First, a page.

Everyone is unique

The main thing to remember is that everyone, no matter what their cultural background, has their own unique opinions, habits and ways of life. The sooner you accept that everyone is different, the easier it becomes to understand and embrace cultural differences.

What can I do now?

  • Learn how you can stand up to racism and support people from different cultural backgrounds.
  • Check out some of our ways to celebrate Harmony Day.
  • Work on your self-awareness.

Explore other topics

It’s not always easy to find the right place to start. Our ‘What’s on your mind?’ tool can help you explore what’s right for you.

Regardless of where you live on this great, big Earth, chances are you will eventually interact in some way with a culture that is different from your own. When most people think about culture, their first thoughts involve race or ethnicity. Culture goes far beyond that, however. In fact, we are all members of various cultural groups and our cultural identities develop based on the influence of these memberships. Like most things that make you who you are, the development of your cultural identity is an ongoing process. As we are exposed to different sets of beliefs and values, we may adopt other cultural beliefs that were not part of our original makeup. In this way, culture is dynamic and complex.

In addition to race and ethnicity, our cultural orientations are influenced by gender, class, physical and mental abilities, sexual orientation, religious and spiritual beliefs, age, and much more. The individual is a complex mix of many cultural influences woven together. It is, therefore, impossible to define a person by a single cultural label. To further complicate matters, our cultural histories are filtered by individual psychological characteristics and experiences, ensuring that even those sharing cultural similarities are truly unique.

How to understand and admire cultural differences

Regardless of our differences, we are the world and this world is for us all.

The 10 Cultural Universals

There are certain things that are a part of every culture. These things are called cultural universals. Though the elements within each will differ, every culture includes:

1. Geography: Location, land, flora, fauna, and other natural resources.

2. Family and Kin: Roles of males, females, children, elders, etc. These include the division of labor, child training, and rites of passage.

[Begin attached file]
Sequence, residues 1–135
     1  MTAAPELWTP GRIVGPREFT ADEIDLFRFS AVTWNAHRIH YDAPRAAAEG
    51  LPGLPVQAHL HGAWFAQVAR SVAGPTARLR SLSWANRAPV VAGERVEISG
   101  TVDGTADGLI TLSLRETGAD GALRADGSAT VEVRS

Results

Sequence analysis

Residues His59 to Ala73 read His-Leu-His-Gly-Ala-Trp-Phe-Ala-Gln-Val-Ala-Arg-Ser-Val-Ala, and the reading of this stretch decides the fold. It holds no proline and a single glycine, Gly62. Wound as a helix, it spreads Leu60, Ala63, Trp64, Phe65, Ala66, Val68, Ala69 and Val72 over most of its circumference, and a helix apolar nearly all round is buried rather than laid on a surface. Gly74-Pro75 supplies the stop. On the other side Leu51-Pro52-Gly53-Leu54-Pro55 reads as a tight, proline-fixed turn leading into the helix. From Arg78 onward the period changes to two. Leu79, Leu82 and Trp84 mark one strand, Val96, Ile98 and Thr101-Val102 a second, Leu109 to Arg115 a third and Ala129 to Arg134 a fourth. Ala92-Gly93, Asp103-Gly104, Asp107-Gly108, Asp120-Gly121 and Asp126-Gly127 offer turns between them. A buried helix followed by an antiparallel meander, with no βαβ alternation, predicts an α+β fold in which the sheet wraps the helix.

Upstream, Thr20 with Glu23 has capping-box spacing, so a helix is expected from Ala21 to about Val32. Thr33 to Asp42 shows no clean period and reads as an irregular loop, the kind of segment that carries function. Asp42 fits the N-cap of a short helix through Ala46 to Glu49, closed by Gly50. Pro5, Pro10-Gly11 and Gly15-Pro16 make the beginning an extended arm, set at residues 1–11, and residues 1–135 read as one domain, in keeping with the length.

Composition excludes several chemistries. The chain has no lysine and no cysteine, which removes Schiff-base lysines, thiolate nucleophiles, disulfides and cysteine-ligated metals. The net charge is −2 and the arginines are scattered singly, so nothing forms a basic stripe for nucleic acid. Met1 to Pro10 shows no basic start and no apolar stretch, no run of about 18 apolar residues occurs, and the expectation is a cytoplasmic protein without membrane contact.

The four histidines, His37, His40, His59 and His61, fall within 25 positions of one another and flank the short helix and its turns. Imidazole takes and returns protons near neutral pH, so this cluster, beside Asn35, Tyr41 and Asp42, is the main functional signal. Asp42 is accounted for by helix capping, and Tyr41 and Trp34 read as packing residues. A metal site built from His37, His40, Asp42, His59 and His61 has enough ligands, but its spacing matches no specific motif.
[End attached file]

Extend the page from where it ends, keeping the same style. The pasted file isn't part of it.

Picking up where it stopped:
3. Political Organizations: Laws and rules, government, law enforcement, warfare, and peace.

4. Language: Includes spoken, written, sign language, body language, and number systems.

5. Food, Clothing, Transportation, and Shelter: Includes everyday wear and ceremonial wear. Includes types of housing and building materials.

6. Technology: Includes inventions, tools and weapons.

7. Beliefs, Values, and Rituals: Religious beliefs and practices; birth and death rituals; myths and legends. Also includes attitudes toward the “unknown” and scientific understandings.

8. Economics: Includes the production, distribution, and consumption of goods and services, jobs, trade, and money.

9. Creative Expression: Includes dance, music, literature, games, and leisure activities.

10. Education: Can be formal and/or informal. Includes knowledge needed for survival, training, and the passing on of group values.

Elements of Culture

Culture is a system of shared beliefs that are used by a society in order to interact with the world, as well as with each other. Often, we think of the food, music, clothing, and holidays that are shared by a group as their culture, but these are only some of the elements. Other elements include customs, values, behaviors, and artifacts. Culture is, therefore, a combination of thoughts, feelings, attitudes, and beliefs shared by those of the same racial, ethnic, religious, or other social group. Many of these groups we are born into (such as racial and ethnic groups) and others we choose (such as religious or political groups). Many of us move between groups, adjusting our ideas and beliefs as we grow and learn.Those who go through cultural shifts may adopt new customs, but they will also retain elements of their previous cultural experiences.

How to Be Culturally Responsive

The ability to learn from and relate respectfully to people of your own culture as well as others’ is known as “cultural responsivity.” Being culturally responsive requires openness to the viewpoints, thoughts, and experiences of others. This is not about changing others to be more like you. Instead, it is about exploring and honoring the differences of others. Developing a cultural- responsive attitude is a life-long journey. It includes:

  1. Developing cultural self-awareness. What influenced your own cultural identity? What values and beliefs do you hold and why? Understanding your own cultural makeup is the first step to understanding that others hold different values and beliefs and believe in them as much as you believe in yours.
  2. Learn to appreciate and value diverse views. Do not judge views that differ from yours as wrong. Instead, just accept that they are different and even try to understand other points of view.
  3. Avoid imposing your own values. Once you are aware of cultural differences, you may find that the cultural norms of some groups make you uncomfortable. Again, it is important to resist the urge to judge. Instead, make a conscious effort to understand the other perspective.